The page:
BRISTOL, Tenn. - Terry McMillen is all about family. What better time to celebrate than Father’s Day.
“I just want to wish every father a Happy Father’s Day,” said McMillen, the 64-year-old driver of the Amalie Motor Oil Xtermigator NHRA Top Fuel Dragster. “Thank you for being a great father and role model for your kids because that is what life is all about.
“They are only going to be as good as what we can teach them and what we can nurture them through.”
There is no where McMillen would rather be on such a special day.
I think it is just really cool to be in Bristol on Father’s Day weekend racing,” said McMillen, who is joined in Bristol by his wife, Cori, and son, Cameron, who is already driving a Junior Dragster at age 5. “You look at the turnout and the fans that are here.
“They are out here because of Father’s Day and the family took them to a day at the races. That is pretty exciting.”
Finishing on top today in the Thunder Valley Nationals would certainly be a memorable way to end it.
“To win. We are not here to lose. It is Father’s Day weekend and it would be pretty awesome to win,” said McMillen, a 35-year veteran driver, who won his first NHRA race two years ago at Las Vegas and captured the prestigious U.S. National last year in Indianapolis. “It is just an awesome facility anyway.
“I have always loved it because it is cut in the mountain and the sound effects that you hear when these cars are going down the track is pretty amazing.”
Cori is certainly a fan of what McMillen does for a living, and enjoys the drag racing lifestyle, which includes a grueling schedule that covers the country beginning in January and continuing into November.
“I love it. Being able to watch him do what they love, it doesn’t get better than that,” Cori said. “Just being able to see him living his dream and the fact that his dream happens to be going 300 miles an hour, that is what it’s all about...
“We get to travel with our family and we are together all the time. We have fun. We stop at different places and do fun things along the way.”
That goes for Cameron too, who definitely knows what he likes best about driving his own race car.
“I can go really fast,” said Cameron, who also enjoys fixing his dragster and pulling his parachute to slow down his car at the end.
“He loves it. I love watching him race. He is really good at it,” added Cori. “We have fun.”
It’s not just about going fast. McMillen is bringing Cameron along slow, with an understanding that if he doesn’t do his chores and keep his grades in shape, there will be no activity with his car.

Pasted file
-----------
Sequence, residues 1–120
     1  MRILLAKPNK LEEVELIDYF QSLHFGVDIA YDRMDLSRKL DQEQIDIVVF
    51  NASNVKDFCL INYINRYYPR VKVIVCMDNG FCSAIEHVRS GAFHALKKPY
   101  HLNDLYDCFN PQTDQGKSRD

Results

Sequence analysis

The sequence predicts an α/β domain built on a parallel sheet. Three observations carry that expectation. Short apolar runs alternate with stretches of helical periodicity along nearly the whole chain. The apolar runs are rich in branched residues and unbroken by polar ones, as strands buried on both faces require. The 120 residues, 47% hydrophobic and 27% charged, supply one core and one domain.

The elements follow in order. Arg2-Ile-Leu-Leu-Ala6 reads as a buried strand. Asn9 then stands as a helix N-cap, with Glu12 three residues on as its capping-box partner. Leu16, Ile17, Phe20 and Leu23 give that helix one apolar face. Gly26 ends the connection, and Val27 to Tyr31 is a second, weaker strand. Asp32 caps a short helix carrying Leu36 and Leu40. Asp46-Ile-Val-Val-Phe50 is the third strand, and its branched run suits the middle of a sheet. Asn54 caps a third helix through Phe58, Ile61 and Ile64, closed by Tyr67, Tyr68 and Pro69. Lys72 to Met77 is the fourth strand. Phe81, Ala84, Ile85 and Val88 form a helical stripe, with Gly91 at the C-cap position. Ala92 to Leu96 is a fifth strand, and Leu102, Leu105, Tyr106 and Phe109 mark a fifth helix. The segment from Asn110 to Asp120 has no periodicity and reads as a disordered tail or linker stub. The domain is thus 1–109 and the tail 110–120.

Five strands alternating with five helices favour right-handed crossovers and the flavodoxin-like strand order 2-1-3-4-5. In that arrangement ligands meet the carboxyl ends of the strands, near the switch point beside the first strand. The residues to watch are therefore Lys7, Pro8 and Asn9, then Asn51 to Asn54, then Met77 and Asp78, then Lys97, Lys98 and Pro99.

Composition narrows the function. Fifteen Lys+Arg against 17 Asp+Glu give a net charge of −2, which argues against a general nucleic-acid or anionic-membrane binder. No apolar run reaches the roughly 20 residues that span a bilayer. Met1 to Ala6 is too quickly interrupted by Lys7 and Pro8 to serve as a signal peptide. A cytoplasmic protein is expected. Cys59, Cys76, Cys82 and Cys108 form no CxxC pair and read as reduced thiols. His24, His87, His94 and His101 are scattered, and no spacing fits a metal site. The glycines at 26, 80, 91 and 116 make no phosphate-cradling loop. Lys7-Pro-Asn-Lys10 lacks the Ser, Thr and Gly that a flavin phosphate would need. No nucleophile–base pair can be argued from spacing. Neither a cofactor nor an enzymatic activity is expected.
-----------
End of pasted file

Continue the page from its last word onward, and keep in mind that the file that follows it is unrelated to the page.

When we are out in the shop he has to work on his own car. I am there to help and work, but he has got to learn to do it himself because if I do it then he never learns anything,” said McMillen, who resides in Elkhart, Indiana. “It is all about an education, but more important than that it is just about family being able to spend time together.
“That is something that really doesn’t happen anymore because of the environment that we live in now.”
There is a reason for that philosophy. McMillen wants his kids to know how to use their hands to do repairs, such as on a washing machine, and not just sitting on a couch at home.
“That is kind of the whole scenario. My goal for the youth is to see them grow up so they are more mechanical, they can do more things with their hands because it is a trade we are losing,” he said. “It is just those type of things that when you are teaching somebody that and they are not on the phone watching videos all day, that is pretty overwhelming and it is really great to see.”
Life hasn’t been without tragedy for McMillen, who has three older children, one of whom died a few years ago. The memories are still clear, especially on such a special day for dads.
“He was learning to drive my Funny Car and he passed away,” said McMillen, who also has a granddaughter driving her own junior dragster at another track this weekend. “I was ready to quit and then there were just a bunch of great friends that got behind me and said, ‘He wouldn’t want it that way’ so we went back at it and we went in bigger and better and now we are here.
“It is just kind of special being out here doing it because that is what he would want to do. My other boys, they all own cars so they love it as well. It is kind of in the family, it is in our blood and they grew up around it.”
McMillen certainly understood what Clay Millican was going through two years ago when he won on Father’s Day in Bristol, just two years after the death of a son in a motorcycle accident.
“That was an amazing time for him because he has just lost his son the year before that and for him to win that was just overwhelming,” said McMillen, who has signed a contract with Amalie that will carry him to age 69, and possibly into his 70s. “We are really good friends and we are really close.
“When that happened it was tragic. The other side of the coin is I have already been through some of this so I was a sounding board that he could talk to sometimes. It doesn’t make it any easier, it is never going to go away, it is always going to be there and it always should be.”
Father’s Day is all about family. Cameron had a message for his father on this special day, while sitting on his lap during a break between qualifying runs.
“Happy Father’s Day,” said Cameron, with a big smile.
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